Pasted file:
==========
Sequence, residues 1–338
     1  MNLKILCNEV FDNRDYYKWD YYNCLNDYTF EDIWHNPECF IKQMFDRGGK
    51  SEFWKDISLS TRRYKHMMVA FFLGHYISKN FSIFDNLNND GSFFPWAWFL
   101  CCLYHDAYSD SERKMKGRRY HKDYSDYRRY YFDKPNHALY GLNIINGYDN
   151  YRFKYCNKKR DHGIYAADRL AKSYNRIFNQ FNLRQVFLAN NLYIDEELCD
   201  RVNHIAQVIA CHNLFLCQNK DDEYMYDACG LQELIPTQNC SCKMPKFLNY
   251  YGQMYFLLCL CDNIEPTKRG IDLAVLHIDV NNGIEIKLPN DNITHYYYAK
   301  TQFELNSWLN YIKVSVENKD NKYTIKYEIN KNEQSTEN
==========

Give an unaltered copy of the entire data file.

Sequence, residues 1–338
     1  MNLKILCNEV FDNRDYYKWD YYNCLNDYTF EDIWHNPECF IKQMFDRGGK
    51  SEFWKDISLS TRRYKHMMVA FFLGHYISKN FSIFDNLNND GSFFPWAWFL
   101  CCLYHDAYSD SERKMKGRRY HKDYSDYRRY YFDKPNHALY GLNIINGYDN
   151  YRFKYCNKKR DHGIYAADRL AKSYNRIFNQ FNLRQVFLAN NLYIDEELCD
   201  RVNHIAQVIA CHNLFLCQNK DDEYMYDACG LQELIPTQNC SCKMPKFLNY
   251  YGQMYFLLCL CDNIEPTKRG IDLAVLHIDV NNGIEIKLPN DNITHYYYAK
   301  TQFELNSWLN YIKVSVENKD NKYTIKYEIN KNEQSTEN